U.S. submarine lost in World War II found linked to Omaha

OMAHA, Nebraska (Nebraska) — After nearly 80 years of deliberation, some US military families have finally received permission.

On Thursday, the Naval History and Heritage Command confirmed the identification of the crash site off the coast of Hokkaido, Japan. This is USS Albacore (SS 218), an American submarine lost at sea in 1944.

The discovery made a splash across the country, including in Omaha.

“I never knew him, but I’ve known about him all my life,” Lou Moss told Shirley.

Shirley is the niece of Leonard David Moss, who was aboard the USS Albacore when she went missing on November 7, 1944. Moss received the Purple Heart for his service.

“He was always in the photographs at my grandmother’s house,” she said.

In the center of their home and heart, although no one knew where the 23-year-old girl was.

“I don’t know if it was just sad, but just looking at him knowing they don’t know what happened to him.”

In 1944, Moss’s parents received a telegram stating that their son was missing. The following year, they received another letter suggesting that he and about 85 others on the submarine were missing.

In Omaha, someone else got the same news: Father Edward Flannagan, founder of Boys Town. It was for Patrick McKenna, who graduated from Boys Town and was also on the USS Albacore.

“Back in 1944, a telegram arrived in Boys Town informing Father Flannagan that a submarine had sunk and Patrick’s whereabouts were unknown,” said Thomas Lynch, Director of Community Programs for Boys Town.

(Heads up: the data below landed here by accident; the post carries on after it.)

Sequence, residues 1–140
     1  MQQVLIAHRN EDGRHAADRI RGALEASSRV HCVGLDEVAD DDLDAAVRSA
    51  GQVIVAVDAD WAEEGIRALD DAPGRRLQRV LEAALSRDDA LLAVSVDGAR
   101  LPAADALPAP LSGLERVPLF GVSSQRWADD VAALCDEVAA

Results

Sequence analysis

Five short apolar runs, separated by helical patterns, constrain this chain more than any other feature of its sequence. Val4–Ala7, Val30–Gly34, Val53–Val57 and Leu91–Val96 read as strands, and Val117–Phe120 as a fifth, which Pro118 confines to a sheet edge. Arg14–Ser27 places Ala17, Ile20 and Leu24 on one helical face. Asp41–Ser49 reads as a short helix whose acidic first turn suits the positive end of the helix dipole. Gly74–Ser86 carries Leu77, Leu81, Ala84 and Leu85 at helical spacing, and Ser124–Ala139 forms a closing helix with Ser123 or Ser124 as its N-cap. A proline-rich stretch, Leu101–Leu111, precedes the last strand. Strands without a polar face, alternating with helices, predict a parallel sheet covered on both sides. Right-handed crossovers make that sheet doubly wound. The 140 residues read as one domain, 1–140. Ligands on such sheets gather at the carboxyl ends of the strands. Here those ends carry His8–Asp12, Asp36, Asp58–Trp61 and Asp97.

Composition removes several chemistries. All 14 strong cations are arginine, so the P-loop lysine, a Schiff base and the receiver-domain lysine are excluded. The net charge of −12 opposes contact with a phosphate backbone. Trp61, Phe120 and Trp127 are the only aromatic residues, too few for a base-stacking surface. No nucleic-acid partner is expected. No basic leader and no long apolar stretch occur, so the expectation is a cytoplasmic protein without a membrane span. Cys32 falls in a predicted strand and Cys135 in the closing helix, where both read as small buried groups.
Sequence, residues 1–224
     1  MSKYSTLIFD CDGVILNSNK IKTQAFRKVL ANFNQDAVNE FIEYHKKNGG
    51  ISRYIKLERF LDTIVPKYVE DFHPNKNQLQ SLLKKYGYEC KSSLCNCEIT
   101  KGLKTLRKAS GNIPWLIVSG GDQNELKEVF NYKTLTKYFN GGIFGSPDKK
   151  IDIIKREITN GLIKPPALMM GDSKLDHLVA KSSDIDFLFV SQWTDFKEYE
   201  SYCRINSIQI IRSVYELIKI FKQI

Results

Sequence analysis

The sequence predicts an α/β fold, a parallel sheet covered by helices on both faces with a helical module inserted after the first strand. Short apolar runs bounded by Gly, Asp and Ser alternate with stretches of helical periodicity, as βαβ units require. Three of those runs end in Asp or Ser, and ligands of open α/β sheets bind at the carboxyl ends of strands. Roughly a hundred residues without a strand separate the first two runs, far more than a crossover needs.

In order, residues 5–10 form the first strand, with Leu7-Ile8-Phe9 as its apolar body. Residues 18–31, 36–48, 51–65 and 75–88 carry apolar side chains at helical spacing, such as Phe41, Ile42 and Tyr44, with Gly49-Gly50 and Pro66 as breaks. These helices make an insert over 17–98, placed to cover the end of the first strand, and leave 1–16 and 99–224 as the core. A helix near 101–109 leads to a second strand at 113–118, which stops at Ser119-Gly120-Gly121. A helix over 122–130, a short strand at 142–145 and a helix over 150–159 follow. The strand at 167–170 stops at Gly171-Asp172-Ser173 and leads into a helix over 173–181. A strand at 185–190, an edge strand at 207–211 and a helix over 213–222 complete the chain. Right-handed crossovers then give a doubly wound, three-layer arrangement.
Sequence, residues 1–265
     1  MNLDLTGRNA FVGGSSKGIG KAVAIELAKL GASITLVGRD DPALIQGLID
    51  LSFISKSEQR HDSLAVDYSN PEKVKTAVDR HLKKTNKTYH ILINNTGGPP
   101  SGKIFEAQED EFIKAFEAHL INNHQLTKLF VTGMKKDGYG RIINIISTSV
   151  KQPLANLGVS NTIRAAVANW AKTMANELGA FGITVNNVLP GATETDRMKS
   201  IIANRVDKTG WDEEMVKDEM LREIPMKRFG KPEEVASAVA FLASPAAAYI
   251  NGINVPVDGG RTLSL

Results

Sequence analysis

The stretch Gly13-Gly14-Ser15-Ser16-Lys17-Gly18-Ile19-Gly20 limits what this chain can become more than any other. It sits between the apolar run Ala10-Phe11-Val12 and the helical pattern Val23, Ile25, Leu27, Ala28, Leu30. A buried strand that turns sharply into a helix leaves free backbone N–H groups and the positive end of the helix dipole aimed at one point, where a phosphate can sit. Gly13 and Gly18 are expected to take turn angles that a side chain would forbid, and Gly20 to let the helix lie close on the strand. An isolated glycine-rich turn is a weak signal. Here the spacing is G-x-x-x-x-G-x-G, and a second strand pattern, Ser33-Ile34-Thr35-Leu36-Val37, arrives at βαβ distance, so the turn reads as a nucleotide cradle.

“Over the years, we just waited,” Lynch said.

Then on Monday, three days before the official announcement, families received an email from Charles Hinman, director of education for the Pacific Fleet Submarine Museum. Hinman attached another letter from the Naval History and Heritage Command regarding the discovery of the USS Albacore.

“It says here: Dear Albacore Family,” Shirley read.

“We hope Albacore’s known location will bring you and your family closer in some way as you continue to mourn the loss of a loved one.”

The families received a letter saying that with the help of a Japanese professor from the University of Tokyo, the USS Albacore had been identified.

Finally, with completion and confirmation, Shirley said she felt, “Shock. Just shocked.”

And then…

“My next thought was about my grandparents,” Shirley said. “My grandmother lived for 40 years not knowing where he was or what happened to him.”

But now…

“They always had hope that they would find out where he was. Now they know, as I said, they are all rejoicing in heaven now. But they didn’t know. So I wish we could tell them then.

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